President Donald Trump’s foreign policy doesn’t seem that far off the mark: beat up on ISIS, try to square petty quarrels among the Gulf States, nudge the European NATO members to increase their defense spending to the promised levels before they talk about coercing the Russkies, figure out what to do about North Korea without blowing up the world, and start renegotiating the North American Free Trade Agreement (NAFTA). The Democrats had turned against the Trans-Pacific Partnership during the election season, so the election of Hilary Clinton wouldn’t have made any difference there. The Trump administration bailed on the Paris Climate Agreement, but the effects will be felt only at the margins and for a time. Eventually, the United States will come back to supporting it.
The big problems have been in domestic policy. What if the Republicans had chosen to work on something other than health care as their first order of business after the November 2016 election? What if they had gone with a big infrastructure bill? Lord knows the country needs one, the Democrats have been just as neglectful as the Republicans on this matter in recent decades, and there could have been some kind of bi-partisan agreement on action. Failing that, what if they had gone with a major tax over-haul? Lord knows the country needs one, and there would have been lots of chances for horse-trading.
But no, the Republicans had to lead-off with efforts to “repeal and replace” the Affordable Care Act (ACA). They had made it their battle cry for years before Donald Trump became their president. Senate majority leader Mitch McConnell failed to assemble the minimum number of votes for the latest iteration of “repeal and replace.” Now all the things that might have been done, but were not done, face a steep up-hill climb.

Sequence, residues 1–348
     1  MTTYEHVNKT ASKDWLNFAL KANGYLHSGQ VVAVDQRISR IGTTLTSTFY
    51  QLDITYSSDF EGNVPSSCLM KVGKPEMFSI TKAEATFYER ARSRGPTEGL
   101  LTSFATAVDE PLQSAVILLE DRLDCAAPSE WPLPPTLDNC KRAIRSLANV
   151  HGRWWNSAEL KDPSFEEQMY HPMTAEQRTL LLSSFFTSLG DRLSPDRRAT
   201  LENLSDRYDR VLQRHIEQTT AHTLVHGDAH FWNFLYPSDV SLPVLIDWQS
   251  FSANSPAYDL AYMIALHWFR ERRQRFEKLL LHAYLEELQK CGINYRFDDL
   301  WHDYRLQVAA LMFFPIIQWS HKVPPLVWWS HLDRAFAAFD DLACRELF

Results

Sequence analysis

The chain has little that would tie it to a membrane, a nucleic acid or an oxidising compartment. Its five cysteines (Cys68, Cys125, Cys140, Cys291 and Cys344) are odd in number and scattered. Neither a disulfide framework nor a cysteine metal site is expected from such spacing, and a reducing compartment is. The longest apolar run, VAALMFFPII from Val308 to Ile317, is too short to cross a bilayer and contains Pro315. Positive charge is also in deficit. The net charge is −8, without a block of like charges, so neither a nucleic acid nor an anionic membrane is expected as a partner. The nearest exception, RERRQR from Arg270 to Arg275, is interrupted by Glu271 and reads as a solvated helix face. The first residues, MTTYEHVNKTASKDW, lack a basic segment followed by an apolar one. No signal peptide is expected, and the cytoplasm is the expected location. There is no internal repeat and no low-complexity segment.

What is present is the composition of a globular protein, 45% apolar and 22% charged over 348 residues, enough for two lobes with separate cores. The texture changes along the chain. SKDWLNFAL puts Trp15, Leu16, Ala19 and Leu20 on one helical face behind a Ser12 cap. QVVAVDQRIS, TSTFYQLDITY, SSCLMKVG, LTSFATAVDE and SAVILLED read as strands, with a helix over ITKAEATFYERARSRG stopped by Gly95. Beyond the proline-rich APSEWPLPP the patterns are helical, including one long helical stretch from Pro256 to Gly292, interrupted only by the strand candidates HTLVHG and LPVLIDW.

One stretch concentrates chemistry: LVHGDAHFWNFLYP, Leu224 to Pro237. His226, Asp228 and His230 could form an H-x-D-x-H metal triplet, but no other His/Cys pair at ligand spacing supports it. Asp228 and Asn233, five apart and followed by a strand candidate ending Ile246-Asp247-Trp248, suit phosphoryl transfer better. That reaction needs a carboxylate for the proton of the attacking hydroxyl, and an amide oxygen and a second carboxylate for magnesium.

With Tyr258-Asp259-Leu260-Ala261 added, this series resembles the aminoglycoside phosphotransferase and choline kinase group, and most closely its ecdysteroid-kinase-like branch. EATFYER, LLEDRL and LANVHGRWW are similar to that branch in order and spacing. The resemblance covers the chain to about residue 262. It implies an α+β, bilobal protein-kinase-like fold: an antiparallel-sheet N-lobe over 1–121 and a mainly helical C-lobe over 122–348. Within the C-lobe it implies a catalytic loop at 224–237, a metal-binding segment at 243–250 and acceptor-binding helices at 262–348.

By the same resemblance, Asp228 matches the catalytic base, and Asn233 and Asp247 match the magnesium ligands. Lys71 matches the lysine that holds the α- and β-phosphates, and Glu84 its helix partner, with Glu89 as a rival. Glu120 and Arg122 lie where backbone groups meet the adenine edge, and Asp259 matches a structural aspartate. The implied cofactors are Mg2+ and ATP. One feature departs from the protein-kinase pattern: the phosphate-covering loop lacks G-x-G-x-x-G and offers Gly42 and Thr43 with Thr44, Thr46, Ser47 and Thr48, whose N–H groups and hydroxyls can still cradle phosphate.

Still, beyond all the chortling over Republicans’ self-inflicted wounds, lie two realities. First, the health-care market places already had begun to contract for reasons rooted in the ACA. Second, during the Obama administration, a federal court had invalidated the subsidies that made health insurance marginally affordable. So, Republicans may get one more chance to get it right. They need to think anew and act anew.
In contrast, the domestic economy is a mess. “Trumponomics” consists of cutting corporate taxes and federal regulation in order to stimulate business activity; reforming welfare to get more Americans back into the labor force; re-negotiating trade deals to achieve equity; and stimulating the energy sector by relieving the burdens upon coal. This will result in a 3 percent economic growth rate, he says.
Many economists believe that 3 percent growth is a fantasy. The Congressional Budget Office (CBO) guesses that these changes will produce only 1.9 percent growth. The American economy can grow only if it has an expanding labor force. So, no border wall.
 In the same ways that the first Barack Obama administration might have sought an adequate stimulus bill, rather than shifting its efforts to the creation of a costly new entitlement program in the form of the Affordable Care Act while the country slogged through an inadequate recovery from the financial crisis. Paul Krugman had argued that the Obama stimulus bill was half a s bog as it should be, spread over two years instead of front-loaded into one year, and included tax cuts that would be used to de-leverage rather than spent to stimulate the economy. As best I recall, President Obama was reported (by Bob Woodward) to have remarked that “Look, I get the Keynesian argument, but the American people aren’t there.”
 “GOP’s “repeal and replace” bill dies,” The Week, 28 Jult 2017, p. 4.
 The Democratic solution to this problem is ever-larger subsidies. The budget effects do not concern them.
 “Issue of the week: Trump’s MAGAnomics” plan.” The Week, 28 July 2017, p. 34.